Many of our clients tell us that they are never quite sure when and how to correct their dog. If they see he is about to do something, should they correct him? If they come home and he has destroyed something, should they correct him?
The timing of your dog’s correction is critical in the communication and education process. As opposed to us, dogs live in the “here and now”. For the most part, the past is the past, water under the bridge, spilled milk, etc. Your dog focuses is on the sights and sounds of the present. Correcting him for something he has done in the past is irrelevant and only leads to his confusion.
You and I understand the idea of “consequences of our actions”. This means that we comprehend when we are corrected for something we did in the past. Your dog does not. He only understands what is happening right now. This relates to what he is doing and how you are responding. Here are some points you should think about:
- Only correct your dog if he is doing the bad thing right now. If he is jumping on you, barking at the back door, on the furniture; correct him right now. You are communicating to him that what he is doing RIGHT NOW is wrong. Since your dog lives in the RIGHT NOW, he will understand and learn from your correction.
- You can be proactive and if your dog is about to do something wrong, correct him now. This is a page from our Mother’s playbook of “Don’t even think about it!”. Your dog is already thinking of doing the bad thing, so you are really still correcting him in the moment. Although his action hasn’t taken place yet, his intention of performing the action is in the hear and now.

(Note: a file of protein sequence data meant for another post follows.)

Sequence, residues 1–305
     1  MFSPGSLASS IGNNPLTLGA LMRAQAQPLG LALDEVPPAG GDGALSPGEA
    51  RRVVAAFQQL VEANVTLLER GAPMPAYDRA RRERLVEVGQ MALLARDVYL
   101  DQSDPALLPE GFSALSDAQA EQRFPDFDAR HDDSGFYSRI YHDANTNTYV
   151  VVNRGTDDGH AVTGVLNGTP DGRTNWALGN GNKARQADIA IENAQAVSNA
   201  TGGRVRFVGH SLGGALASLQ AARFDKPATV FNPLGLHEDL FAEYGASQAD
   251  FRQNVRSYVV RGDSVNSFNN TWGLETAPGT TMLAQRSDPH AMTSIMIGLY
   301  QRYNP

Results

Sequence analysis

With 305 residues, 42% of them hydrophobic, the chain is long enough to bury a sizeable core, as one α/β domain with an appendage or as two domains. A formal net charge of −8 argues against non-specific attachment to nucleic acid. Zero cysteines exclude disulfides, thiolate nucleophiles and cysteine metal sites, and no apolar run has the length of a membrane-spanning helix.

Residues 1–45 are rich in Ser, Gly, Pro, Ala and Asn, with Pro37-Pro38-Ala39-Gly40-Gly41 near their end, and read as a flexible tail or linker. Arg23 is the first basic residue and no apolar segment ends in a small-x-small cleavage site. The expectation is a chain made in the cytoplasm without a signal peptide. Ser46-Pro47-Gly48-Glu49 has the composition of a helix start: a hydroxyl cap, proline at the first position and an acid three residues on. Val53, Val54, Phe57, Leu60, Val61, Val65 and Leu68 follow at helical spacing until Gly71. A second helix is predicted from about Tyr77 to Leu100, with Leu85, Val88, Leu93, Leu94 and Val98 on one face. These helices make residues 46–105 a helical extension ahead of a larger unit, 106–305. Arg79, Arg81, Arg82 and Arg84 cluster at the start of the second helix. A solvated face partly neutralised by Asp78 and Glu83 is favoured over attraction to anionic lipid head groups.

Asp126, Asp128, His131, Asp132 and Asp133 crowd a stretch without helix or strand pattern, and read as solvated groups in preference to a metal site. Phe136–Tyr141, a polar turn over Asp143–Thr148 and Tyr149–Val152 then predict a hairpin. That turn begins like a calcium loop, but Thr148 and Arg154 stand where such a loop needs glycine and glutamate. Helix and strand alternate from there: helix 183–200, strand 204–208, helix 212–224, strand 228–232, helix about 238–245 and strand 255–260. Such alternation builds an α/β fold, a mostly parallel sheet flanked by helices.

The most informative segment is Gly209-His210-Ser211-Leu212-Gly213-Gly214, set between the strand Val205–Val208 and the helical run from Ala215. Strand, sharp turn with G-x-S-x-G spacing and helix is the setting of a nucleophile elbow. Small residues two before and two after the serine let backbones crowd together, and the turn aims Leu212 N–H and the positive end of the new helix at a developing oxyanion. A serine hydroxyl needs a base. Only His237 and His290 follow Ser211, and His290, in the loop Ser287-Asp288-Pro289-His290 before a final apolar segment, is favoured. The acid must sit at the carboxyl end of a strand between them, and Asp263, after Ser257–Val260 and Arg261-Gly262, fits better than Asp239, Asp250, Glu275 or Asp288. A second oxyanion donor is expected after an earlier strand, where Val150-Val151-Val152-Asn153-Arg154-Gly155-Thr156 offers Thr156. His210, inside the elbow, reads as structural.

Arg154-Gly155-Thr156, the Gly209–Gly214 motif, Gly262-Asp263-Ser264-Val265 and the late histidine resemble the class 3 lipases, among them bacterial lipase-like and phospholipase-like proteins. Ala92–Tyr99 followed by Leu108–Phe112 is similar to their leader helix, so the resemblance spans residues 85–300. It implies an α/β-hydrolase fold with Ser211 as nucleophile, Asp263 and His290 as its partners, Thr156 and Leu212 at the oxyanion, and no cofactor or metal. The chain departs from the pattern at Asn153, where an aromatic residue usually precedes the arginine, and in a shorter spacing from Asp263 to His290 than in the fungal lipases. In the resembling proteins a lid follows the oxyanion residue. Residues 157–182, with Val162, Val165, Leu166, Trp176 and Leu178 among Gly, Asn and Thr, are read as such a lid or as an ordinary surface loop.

- Do not make the classic mistake of correcting your dog if he already did something bad and is not doing it now. Your dog will mistakenly think your correction is for what he IS doing and not what (your intention) he WAS doing.
I completely understand that you can get really upset at your dog when he did something while you were away and you have come home to find it. You either have to adjust the environment of your home so that he can’t do that bad thing while you are away or you will just have to understand that you must “live with it”. Life is always about trade-offs.
So you now understand the concept of “correcting your dog in the present”. You also need to understand the physical nature of your correction. First of all, “physical” does not mean you are going to hit, frighten, or scare your dog. That is the last thing you want to do. When your dog is scared, he has lost the ability to learn. Correction is about effective learning and not scaring. Here are some guidelines to review:
- Dogs mainly communicate through body language. When you correct, remain calm and stand tall. This sends a passive signal to your dog that he needs to give you focus. Your stoic nature will indicate that you mean him no harm and have no intention of aggressively escalating the situation.
- Correct using the same methodology every time. Besides your body language, you will need to use your voice to create a unique “focus on me” sound. Think of the old west when the cook rings the dinner bell.
- Be consistent and repetitive when you correct. If you don’t want him to jump, you must correct him every times he jumps. Your dog must understand “I just can’t do this” for your correction to be effective.
- Tune your correction with your dog’s temperament. Some dogs are more flighty than others. Some dogs are really hard headed. You goal is to get your dog’s calm and respectful focus. You must engage enough stimulus to achieve that without going overboard and scaring them. The amount of stimulus you need is different for every dog.
Please call Robin or me at (770) 718-7704 if you need any dog training help. We are blessed to have been your local dog training professionals for over fifteen years. We have trained over 5,000 great dogs and loving families and are ready to help you.